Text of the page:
The Egyptians apparently had good reason for enslaving Bnei Yisrael. When Yaakov and his family went down to Egypt, during the seven years of famine, they were taken care of – as were the Egyptians – by Yosef. But in contrast to the Egyptians, who became servants to Pharaoh in return for the food that they received, Bnei Yisrael remained free. If God had taken them out of Egypt without forcing the Egyptians to agree to it, the Egyptians could then have claimed that Bnei Yisrael were still their slaves – for they had never agreed to freeing them. God chose to force Pharaoh to free the nation, in order that the Egyptians could never claim that Bnei Yisrael were still their slaves. However, if God were to hold a gun to Pharaoh's head, as it were, and force him to free Israel, then his agreement would have no validity. Pharaoh could still claim that they remained his slaves, that their departure was forced upon him and was invalid. In order to prevent the possibility of such a claim, God did not kill the Egyptians prior to the Exodus, but rather waited until the splitting of the sea seven days later – and only then killed Pharaoh and all of his host.

Now we can also understand why Moshe lies to Pharaoh, asking only that he allow Bnei Yisrael to go for three days. The Divine plan stipulated that Moshe would ask again and again that Bnei Yisrael be freed for three days, but after the ten plagues Bnei Yisrael would be so despised by Pharaoh that he would expel them utterly from his country. Such an expulsion would be an expression of Pharaoh's own free will: God admittedly sent ten plagues, but His demand remained, all along, only that Pharaoh "Let My people go and serve Me in the desert." Since Pharaoh decided to expel Bnei Yisrael without God requesting this, he could never claim that Bnei Yisrael were still his slaves. From the very beginning, it was clear that the purpose of the Exodus from Egypt was to reach Eretz Yisrael, but the way in which this aim would be realized was to be through requesting of Pharaoh that the nation be allowed to go for three days, in order to worship God in the desert.

Indeed, if we look closely at the verses we discover that at the burning bush God already tells Moshe that Pharaoh will let Bnei Yisrael go after the ten plagues:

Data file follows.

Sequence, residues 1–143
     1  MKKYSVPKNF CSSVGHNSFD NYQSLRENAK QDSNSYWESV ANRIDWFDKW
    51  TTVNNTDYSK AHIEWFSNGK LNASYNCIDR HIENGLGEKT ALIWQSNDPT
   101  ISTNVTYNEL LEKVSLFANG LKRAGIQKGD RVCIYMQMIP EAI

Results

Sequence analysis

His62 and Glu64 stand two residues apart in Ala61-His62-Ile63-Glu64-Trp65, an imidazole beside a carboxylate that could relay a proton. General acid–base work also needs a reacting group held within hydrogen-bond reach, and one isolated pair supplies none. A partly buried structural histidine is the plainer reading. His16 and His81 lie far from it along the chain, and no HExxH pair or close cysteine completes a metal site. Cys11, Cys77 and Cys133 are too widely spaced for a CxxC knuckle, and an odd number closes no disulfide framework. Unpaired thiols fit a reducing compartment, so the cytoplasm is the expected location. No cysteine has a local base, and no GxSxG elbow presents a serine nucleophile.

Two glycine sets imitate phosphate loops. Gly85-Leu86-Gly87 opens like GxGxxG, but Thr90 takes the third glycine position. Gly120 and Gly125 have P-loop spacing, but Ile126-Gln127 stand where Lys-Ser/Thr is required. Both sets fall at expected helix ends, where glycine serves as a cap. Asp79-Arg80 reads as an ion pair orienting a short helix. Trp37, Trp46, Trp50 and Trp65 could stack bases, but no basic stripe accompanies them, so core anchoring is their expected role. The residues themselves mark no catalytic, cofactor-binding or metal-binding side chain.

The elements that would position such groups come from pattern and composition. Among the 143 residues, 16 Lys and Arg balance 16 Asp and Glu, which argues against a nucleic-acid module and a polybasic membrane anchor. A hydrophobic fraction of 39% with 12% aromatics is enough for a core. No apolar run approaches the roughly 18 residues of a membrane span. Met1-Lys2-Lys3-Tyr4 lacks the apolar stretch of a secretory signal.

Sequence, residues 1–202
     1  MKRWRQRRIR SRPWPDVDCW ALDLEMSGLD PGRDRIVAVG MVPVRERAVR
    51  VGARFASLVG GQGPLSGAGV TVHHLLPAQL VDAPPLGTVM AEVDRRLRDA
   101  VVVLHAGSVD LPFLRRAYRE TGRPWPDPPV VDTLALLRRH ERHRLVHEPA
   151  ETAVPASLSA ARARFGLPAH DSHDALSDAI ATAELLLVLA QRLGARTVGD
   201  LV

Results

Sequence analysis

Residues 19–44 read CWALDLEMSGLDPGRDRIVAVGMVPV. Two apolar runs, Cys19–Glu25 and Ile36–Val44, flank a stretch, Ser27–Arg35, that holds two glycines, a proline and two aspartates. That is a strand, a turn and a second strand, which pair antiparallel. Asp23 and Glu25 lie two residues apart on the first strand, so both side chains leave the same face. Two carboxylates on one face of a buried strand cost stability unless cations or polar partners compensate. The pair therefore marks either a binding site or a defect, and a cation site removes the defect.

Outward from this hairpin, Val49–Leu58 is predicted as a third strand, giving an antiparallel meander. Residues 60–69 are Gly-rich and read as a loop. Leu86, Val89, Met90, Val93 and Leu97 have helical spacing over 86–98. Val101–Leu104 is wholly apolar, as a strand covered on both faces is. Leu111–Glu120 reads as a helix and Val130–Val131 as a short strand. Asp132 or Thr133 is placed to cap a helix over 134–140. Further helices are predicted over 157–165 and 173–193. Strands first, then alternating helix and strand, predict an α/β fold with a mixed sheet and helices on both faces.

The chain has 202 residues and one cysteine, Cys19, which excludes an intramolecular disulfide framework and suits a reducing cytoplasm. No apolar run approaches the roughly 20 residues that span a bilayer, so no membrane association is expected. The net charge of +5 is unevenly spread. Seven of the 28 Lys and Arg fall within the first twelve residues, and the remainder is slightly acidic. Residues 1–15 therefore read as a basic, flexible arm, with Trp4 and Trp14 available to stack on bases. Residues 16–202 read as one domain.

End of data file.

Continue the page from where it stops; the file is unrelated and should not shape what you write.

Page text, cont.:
"I know that the king of Egypt will not let you go, if not by a strong arm. And I shall send forth My hand and strike Egypt with all of My wonders that I shall perform in their midst, and afterwards he shall send you forth." (Shemot 3:19-20)

The term "shiluach" (sending forth) in Tanakh implies that there is no intention of any return. At the end of parashat Shemot we are told explicitly, "For with a strong arm he will send them forth, and with a strong arm he will expel them from his land." Various commentators who address the literal text explain that the "strong arm" here refers to Pharaoh's own arm, but Rashi maintains that "with a strong arm He will send them forth" refers to God's strong arm, while "with a strong arm he will expel you" refers to Pharaoh's arm. This may hint at what we have said above: Pharaoh lets Bnei Yisrael go because of God's strong arm, but he expels them altogether of his own free will.[6]

On the night of the death of the firstborn, when Pharaoh seeks out Moshe and Aharon, his words are quite clear and unequivocal:

"He called to Moshe and Aharon in the night, and he said: Arise and go out from amongst my nation – you and Bnei Yisrael, and go, worship God as you have spoken. Take also your sheep and your cattle as you have spoken, and go, and bless me also." (Shemot 12:31-32)

Three days later, when Pharaoh sees that Am Yisrael has taken his advice and is not returning to Egypt, he retracts his hasty approval. Suddenly he remembers that Bnei Yisrael asked to be freed only in order to go and worship God, and it was he himself who offered the expulsion on his own initiative. Hence he sees himself as justified in pursuing Bnei Yisrael in order to enslave them once again.[7]

At this point, however, God no longer needs Pharaoh's cooperation. Since he has already expelled the nation of his own will, his will no longer has any significance, and there is no reason not to drown him in the Sea, thereby saving Bnei Yisrael. Moreover, since Pharaoh regretted his decision and tried to capture Bnei Yisrael back as his slaves a second time, he is deserving of an even more severe punishment; it is appropriate that he drown in the Sea.